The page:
Chapel Ministries refocused the Franciscan University community on formation in Christ by a talk series on the evenings of Feb.19, 20 and 21 on the Lenten pillars.
While Chapel Ministries has given talks on other aspects of the faith life, the Rev. Shawn Roberson, TOR, said this is the first series of talks specifically focused on Lent.
Roberson said the purpose of this series was to discuss the three “pillars” of Lent in depth to help students build a stronger relationship with God during this “season of grace” and to prepare themselves – their hearts and their lives – to celebrate the triduum. This series was meant to foster “a deeper spirituality” and “a deeper connection to Christ.”
Roberson emphasized the importance of taking this time amidst the business of life to refocus oneself on one’s vocation and formation in Christ. He recognized the “especially Catholic life here at Franciscan” and hoped that students would take this time to “look at where we are in that” and to “focus on Jesus and what he’s done for us.”
Most importantly, Roberson encouraged students to “be present to the Lord in the blessed sacrament” during the half hour of prayer following the talks, to contemplate what the speakers said, what God has to say to them and how this can help their Lenten journey.
At 9 p.m. in Christ the King Chapel, Roberson led a brief introduction and prayer before each 30 minute talk, followed by 30 minutes of Eucharistic adoration.
John Beaulieu, director of youth outreach, spoke on fasting Monday night, which is the “gift of … purifying one’s heart for the Lord” and “the lifeblood of prayer,” as described by Roberson.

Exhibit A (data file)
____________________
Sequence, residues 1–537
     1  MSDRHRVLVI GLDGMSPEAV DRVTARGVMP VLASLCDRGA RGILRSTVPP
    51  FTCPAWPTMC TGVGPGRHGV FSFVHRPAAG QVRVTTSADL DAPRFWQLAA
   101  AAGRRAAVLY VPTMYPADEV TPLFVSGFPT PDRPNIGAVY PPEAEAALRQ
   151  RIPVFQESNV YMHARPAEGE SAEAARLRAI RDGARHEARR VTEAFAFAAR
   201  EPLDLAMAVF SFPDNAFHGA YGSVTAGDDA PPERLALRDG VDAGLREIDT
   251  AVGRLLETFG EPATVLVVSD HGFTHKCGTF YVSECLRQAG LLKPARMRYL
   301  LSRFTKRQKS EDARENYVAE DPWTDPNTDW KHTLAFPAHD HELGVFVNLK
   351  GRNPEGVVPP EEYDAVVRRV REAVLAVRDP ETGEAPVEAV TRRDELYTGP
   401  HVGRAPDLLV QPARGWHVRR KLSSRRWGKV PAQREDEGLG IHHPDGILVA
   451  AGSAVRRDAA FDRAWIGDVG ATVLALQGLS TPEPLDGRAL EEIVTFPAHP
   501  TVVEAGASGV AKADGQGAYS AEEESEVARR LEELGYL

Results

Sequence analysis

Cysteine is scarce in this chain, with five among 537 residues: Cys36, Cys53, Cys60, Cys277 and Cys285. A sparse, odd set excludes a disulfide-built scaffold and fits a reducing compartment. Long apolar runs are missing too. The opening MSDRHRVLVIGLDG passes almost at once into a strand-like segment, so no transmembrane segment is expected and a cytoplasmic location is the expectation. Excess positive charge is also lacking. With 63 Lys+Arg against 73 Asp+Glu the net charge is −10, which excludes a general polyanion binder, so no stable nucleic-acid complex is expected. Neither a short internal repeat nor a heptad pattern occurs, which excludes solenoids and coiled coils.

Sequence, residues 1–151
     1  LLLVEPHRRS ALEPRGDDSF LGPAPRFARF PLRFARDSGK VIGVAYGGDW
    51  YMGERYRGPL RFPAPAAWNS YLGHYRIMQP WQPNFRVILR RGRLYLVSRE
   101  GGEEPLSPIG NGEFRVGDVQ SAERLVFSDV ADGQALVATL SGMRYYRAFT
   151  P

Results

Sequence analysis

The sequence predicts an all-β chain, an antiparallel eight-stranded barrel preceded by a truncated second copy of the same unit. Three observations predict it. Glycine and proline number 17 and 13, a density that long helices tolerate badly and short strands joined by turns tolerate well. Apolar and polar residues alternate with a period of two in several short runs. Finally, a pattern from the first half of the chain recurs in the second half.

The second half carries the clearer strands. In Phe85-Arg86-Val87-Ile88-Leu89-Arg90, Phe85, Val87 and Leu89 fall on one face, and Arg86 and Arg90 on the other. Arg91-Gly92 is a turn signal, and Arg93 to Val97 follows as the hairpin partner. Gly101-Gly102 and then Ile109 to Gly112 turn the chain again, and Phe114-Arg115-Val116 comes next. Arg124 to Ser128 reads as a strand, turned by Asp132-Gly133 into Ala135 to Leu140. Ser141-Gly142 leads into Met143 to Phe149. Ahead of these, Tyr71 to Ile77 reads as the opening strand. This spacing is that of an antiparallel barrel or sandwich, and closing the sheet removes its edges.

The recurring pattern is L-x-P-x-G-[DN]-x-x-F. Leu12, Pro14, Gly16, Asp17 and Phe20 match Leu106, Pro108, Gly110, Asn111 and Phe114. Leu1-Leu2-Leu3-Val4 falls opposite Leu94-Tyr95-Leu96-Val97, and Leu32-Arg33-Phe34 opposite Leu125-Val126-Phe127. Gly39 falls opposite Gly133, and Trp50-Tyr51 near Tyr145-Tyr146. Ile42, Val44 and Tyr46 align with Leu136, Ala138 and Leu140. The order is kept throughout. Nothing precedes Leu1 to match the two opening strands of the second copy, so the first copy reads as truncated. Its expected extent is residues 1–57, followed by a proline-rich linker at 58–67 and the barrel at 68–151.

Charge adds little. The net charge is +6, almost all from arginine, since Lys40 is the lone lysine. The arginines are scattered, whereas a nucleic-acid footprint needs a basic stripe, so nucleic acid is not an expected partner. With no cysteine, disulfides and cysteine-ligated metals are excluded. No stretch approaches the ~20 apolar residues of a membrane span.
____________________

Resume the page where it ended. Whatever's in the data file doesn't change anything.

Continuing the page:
Beaulieu emphasized that “fasting is not the end” in and of itself, but that “the end is a conversion of the heart” and “a radical transformation of our whole life.”
Beaulieu said fasting is how one gains victory over vice, “crucifying that desire over and over again.” It is how one draws closer to God, he said.
“If we are giving something up, it’s because we’re seeking something greater,” said Beaulieu.
Tuesday’s talk on almsgiving, Roberson said, was about not only how to “give of our resources to the poor,” but also how to give of ourselves to others.
John Bergsma, who holds a doctorate in theology, led this discussion, focusing on the origin of the word “alms,” which comes from the Latin word “eleos,” meaning mercy. Alms means offering mercy, he said, which must be concrete and personal.
According to Bergsma, giving alms is “a sacred act because alms are how we show the faithful covenant love of God to others, remembering others as God has remembered us in the Eucharist.”
Wednesday concluded the series when Sister Mary Louise Marck, OCD, discussed prayer, a charism of the Carmelite sisters, and how this begins not with man’s actions but with God’s desire to be with man.
Marck reflected on how the love of the Trinity is directed to man. She encouraged the audience to “allow him to reveal to you his burning desire for you.”
“The Real Presence,” she said “desires your presence, and that’s all you have to do.”
Chapel Ministries led the way to a thoughtful and life-changing Lenten season for all who attended and were challenged by the series.